How long between dating and engagement
Extending the courtship period in all cases will progressively minimize your relative risk of developing lasting regrets down the line.Getting married is described as a leap of faith for a reason, but when you wait a significant length of time before you “make it official,” the leap is not nearly so great. Sure, a handful of marriages might thrive after short courtships, but for every one of these examples, a much greater number end in divorce. “Delay of Gratification in Children.” Science, 244, 933-938.In each audience that I’ve spoken to about marital decision-making, there is almost always someone who raises a hand and says, “My parents fell in love and got married a month later, and they’ve been completely happy together for the last 50 years.” The core of this statement is an assertion that lifelong happy marriages are possible with very short courtships. So, in all cases, if we were to honestly weigh the emotional, psychological, and financial costs of a bad decision, wouldn’t wisdom in all cases suggest a relatively long courtship? This is good advice, but I think it's pointless unless you counsel couples to start having sex after a reasonable time of couple-dom, say, six months.If couples wait to have sex until they are married, and wait two years to get married, they have no idea how they will after the initial glow of sex wears off.I got hitched almost 40 years ago and nobody then waited for marriage or an engagement to start boinking - we didn't wait a week - so I can't imagine anyone's waiting now. I waited two years before I got married and it lasted 5 months. Provide the actual statistics when you reference them, because this just sounds like a bunch of cultural bias when you take into consideration that arranged marriages can and do work in the East.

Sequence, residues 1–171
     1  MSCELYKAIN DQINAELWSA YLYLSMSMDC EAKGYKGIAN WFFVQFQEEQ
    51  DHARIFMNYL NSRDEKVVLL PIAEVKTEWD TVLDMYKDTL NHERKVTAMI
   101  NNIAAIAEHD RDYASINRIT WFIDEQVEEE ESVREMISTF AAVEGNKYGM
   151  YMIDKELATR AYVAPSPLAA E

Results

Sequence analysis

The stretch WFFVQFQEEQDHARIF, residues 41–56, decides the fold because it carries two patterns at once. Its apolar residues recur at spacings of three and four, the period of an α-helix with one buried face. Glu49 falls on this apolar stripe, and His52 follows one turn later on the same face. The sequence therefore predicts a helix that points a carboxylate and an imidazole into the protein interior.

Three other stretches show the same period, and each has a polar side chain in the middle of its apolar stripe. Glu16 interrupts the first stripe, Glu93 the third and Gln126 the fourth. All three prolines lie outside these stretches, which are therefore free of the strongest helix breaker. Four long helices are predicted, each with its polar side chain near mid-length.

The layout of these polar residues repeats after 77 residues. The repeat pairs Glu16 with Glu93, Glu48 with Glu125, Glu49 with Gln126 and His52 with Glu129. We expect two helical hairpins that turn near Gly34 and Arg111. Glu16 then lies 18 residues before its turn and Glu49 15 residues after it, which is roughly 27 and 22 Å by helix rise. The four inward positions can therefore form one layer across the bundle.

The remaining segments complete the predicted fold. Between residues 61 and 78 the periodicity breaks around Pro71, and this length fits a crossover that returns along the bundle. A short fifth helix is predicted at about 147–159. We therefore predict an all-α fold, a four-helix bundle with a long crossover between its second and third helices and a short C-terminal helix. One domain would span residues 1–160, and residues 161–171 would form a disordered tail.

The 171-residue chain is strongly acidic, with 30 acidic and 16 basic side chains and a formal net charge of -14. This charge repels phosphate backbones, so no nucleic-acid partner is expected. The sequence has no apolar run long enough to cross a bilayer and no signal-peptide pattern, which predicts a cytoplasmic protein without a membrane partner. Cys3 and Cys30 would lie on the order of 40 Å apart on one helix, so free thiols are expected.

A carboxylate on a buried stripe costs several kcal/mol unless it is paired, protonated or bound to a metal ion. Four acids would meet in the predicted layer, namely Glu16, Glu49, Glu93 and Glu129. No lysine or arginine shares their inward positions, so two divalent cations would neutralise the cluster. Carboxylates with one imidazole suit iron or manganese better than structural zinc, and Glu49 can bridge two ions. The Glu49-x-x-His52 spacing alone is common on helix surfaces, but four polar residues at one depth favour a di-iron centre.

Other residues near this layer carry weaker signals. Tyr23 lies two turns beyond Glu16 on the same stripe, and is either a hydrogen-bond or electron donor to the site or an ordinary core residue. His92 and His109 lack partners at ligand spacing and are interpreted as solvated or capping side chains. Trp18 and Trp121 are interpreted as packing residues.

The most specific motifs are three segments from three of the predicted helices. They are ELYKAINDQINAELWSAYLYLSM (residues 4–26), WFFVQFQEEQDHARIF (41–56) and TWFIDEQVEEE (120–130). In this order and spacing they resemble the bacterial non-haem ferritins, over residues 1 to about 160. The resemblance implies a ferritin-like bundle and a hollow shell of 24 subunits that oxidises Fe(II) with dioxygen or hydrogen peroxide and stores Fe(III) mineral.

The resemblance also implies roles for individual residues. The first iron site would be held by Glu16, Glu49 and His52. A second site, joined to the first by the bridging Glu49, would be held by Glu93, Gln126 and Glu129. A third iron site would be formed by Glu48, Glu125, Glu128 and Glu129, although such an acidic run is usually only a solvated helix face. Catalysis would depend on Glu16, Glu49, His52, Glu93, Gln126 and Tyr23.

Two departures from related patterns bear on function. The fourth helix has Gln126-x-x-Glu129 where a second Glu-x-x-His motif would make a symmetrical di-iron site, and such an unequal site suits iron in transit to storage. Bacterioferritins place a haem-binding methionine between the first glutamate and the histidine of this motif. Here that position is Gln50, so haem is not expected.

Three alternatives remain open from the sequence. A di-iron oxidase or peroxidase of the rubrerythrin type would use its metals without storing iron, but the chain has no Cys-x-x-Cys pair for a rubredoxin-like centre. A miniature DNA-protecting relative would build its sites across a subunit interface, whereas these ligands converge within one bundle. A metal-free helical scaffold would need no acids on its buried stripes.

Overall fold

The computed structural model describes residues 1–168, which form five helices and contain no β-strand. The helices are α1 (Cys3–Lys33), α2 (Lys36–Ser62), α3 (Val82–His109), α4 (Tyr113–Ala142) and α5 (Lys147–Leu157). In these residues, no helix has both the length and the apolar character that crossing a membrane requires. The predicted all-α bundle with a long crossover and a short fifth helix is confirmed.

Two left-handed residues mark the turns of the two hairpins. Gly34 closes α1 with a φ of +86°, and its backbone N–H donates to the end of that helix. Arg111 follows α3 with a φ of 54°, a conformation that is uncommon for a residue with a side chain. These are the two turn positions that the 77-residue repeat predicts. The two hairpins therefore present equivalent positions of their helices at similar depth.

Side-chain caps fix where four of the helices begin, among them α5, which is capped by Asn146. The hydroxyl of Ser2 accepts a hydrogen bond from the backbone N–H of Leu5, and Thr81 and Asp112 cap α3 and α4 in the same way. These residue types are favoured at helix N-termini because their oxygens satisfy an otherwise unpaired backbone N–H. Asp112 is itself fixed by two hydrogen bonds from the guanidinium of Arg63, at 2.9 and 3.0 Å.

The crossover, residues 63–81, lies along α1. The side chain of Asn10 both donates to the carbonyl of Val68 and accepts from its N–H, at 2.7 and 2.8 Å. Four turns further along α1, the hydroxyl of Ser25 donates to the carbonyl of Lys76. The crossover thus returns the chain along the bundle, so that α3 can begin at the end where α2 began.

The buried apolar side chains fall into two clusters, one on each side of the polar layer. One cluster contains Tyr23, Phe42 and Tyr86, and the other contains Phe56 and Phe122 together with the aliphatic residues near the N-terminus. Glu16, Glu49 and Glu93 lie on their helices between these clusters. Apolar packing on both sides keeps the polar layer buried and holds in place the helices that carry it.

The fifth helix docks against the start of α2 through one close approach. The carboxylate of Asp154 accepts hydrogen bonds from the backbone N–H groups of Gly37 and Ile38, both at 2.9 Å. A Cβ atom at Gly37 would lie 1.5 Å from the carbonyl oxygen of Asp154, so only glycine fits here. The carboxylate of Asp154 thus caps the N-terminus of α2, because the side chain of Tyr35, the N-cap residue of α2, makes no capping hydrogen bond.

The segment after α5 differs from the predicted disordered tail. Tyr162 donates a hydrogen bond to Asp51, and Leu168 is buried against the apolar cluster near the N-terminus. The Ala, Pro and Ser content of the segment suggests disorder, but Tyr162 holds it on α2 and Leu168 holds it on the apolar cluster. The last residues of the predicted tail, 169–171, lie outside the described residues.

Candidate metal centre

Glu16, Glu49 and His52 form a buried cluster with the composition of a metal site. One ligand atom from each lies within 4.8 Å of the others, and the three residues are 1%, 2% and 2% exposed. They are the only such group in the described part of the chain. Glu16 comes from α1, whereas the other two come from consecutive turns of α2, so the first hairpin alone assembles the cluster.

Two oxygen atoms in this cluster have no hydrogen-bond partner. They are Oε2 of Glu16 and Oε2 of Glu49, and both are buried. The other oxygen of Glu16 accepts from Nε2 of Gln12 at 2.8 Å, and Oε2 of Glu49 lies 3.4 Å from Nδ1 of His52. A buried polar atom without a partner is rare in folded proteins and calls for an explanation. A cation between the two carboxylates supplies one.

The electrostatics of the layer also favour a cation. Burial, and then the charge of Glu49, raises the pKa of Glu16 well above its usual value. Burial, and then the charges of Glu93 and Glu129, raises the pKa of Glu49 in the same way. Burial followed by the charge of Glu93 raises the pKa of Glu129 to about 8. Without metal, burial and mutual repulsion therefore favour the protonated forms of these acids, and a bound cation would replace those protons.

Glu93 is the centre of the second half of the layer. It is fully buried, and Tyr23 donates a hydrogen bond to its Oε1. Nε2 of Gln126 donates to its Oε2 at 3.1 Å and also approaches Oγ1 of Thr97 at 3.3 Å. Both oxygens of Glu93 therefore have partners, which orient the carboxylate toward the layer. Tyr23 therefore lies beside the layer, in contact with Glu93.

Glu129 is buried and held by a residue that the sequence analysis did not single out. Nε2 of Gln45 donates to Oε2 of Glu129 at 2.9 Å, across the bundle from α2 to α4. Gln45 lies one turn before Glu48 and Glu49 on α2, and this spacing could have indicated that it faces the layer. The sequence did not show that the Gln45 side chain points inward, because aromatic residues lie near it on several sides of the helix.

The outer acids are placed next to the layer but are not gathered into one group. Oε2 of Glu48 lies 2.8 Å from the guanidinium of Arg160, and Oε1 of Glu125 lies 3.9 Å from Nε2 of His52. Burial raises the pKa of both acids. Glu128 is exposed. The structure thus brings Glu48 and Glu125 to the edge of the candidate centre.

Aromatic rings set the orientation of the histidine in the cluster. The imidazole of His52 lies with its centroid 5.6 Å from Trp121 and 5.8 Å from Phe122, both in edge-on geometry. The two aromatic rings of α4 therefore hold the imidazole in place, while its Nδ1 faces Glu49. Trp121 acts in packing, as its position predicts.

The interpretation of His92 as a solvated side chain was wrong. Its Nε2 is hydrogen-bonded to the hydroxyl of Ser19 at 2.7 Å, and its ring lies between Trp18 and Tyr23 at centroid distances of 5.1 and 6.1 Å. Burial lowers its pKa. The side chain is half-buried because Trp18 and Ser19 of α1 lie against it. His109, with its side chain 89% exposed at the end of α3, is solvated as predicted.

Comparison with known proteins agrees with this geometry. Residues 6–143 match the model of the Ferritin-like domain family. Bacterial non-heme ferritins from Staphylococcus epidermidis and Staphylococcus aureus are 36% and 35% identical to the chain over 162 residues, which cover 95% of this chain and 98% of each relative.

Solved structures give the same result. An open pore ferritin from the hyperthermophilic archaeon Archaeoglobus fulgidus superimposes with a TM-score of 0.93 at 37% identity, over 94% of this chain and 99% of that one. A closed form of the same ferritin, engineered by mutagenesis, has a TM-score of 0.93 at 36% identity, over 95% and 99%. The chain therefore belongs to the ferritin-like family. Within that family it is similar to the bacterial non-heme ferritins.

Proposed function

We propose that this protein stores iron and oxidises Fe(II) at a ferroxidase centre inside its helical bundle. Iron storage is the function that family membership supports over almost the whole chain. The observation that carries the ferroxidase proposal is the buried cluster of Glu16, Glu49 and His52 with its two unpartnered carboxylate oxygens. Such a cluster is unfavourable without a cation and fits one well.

In the flick, Emily Blunt and Jason Segel play a couple who have what seems like a never-ending engagement.When I give talks on how to make wise decisions about love relationships, the burning question that someone almost always asks is, “How long do I have to wait?” The phrasing of this question illustrates the fact that waiting can feel like working against the tide of biology and the romantic rush of falling in love and making it official.Since sex is what sets marriage apart from all other relationships, normally, I would hope you counsel couples not to wait.Or at least advise them that they are flying blind and putting their couple-dom at serious risk. A lot of couples don't know whether they are bonded together because of sex or because of actual long-term compatibility.